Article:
Organisation of Care

COVID-19 SURGE CAPACITY – ORGANISATION OF CARE AND PRIORITISATION OF TASKS AND DUTIES

The division of workload in nursing and midwifery can be managed on a shift by shift basis via number of different models. All models are based on the development of person-centred plans of nursing and midwifery care, as a result of assessment and identification of needs. A broad overview of the four main identified models is:

  • Total patient care: one registrant is responsible for providing all care to a particular patient on a shift
  • Team nursing: a team is responsible for providing all care to a group of patients on a shift
  • Primary nursing: one nurse is responsible for planning all the care for a particular patient over the whole episode of care
  • Task allocation: individual members of the team have particular tasks to all patients on the ward each shift.

There is a lack of systematic, evaluative research on the various models of care delivery and their impact on the quality of care outcomes, the choice of model used on a ward being described as a ‘philosophical’ decision determined by the professional team lead or manager. Whilst there is also little or no evidence of direct comparison between the different models, the key appears to be ensuring appropriate delegation and ensuring that work that should be carried out by registered nurses (RNs) or midwives is not delegated to the non-registered workforce.

The evidence would suggest, however, that when low ratios of RNs to patient are unavoidable, task orientation may be the safest model of providing nursing care particularly.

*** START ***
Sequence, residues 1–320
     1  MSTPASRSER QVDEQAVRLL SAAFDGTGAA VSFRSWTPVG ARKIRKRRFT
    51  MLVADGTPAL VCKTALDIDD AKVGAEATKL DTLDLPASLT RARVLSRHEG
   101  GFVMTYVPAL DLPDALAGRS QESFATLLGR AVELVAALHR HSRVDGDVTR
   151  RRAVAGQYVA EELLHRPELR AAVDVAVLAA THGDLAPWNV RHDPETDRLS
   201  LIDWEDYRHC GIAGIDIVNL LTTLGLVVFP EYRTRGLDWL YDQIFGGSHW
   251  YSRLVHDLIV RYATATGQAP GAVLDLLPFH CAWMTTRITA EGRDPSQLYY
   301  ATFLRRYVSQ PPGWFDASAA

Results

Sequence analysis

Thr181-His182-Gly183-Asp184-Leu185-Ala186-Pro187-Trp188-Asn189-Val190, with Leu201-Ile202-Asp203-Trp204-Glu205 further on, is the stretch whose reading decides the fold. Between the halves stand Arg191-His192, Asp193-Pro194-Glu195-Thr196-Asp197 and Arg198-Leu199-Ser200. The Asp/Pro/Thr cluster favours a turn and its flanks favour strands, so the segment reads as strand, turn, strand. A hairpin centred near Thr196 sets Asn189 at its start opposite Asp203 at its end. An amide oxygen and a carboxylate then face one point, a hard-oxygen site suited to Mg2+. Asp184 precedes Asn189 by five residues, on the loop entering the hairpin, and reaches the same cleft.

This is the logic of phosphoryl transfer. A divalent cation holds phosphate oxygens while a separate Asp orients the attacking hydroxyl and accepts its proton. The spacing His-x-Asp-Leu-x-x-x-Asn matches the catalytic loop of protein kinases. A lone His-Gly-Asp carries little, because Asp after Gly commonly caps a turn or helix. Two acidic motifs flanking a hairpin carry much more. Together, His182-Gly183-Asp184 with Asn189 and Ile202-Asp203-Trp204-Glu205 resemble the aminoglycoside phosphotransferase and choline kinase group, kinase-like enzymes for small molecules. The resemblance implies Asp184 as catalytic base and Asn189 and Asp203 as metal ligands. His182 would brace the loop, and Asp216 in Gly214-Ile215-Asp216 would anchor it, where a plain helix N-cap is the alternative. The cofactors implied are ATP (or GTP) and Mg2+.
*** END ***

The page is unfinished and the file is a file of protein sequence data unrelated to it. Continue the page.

During these periods, and in times of large numbers of temporary staff, it may be helpful to consider this model of organising care, matching delegated tasks and duties with the skills of individuals in the team, who have self-identified their abilities through the group outline. It may also be helpful to organise the clinical environment, where possible, to co-locate people with similar levels of care needs, who are then matched with small teams of people who have the relevant skills base. A helpful tool to assist with that is the Safer Nursing Care Tool [1] and the descriptors outlined in it.

For additional information specific to particular care settings e.g. Private Nursing Homes, please see below.

 

[1] Shelford Group. (2014). Safer Nursing Care Tool: Implementation Resource Pack. Available on request from: https://shelfordgroup.org/safer-nursing-care-tool/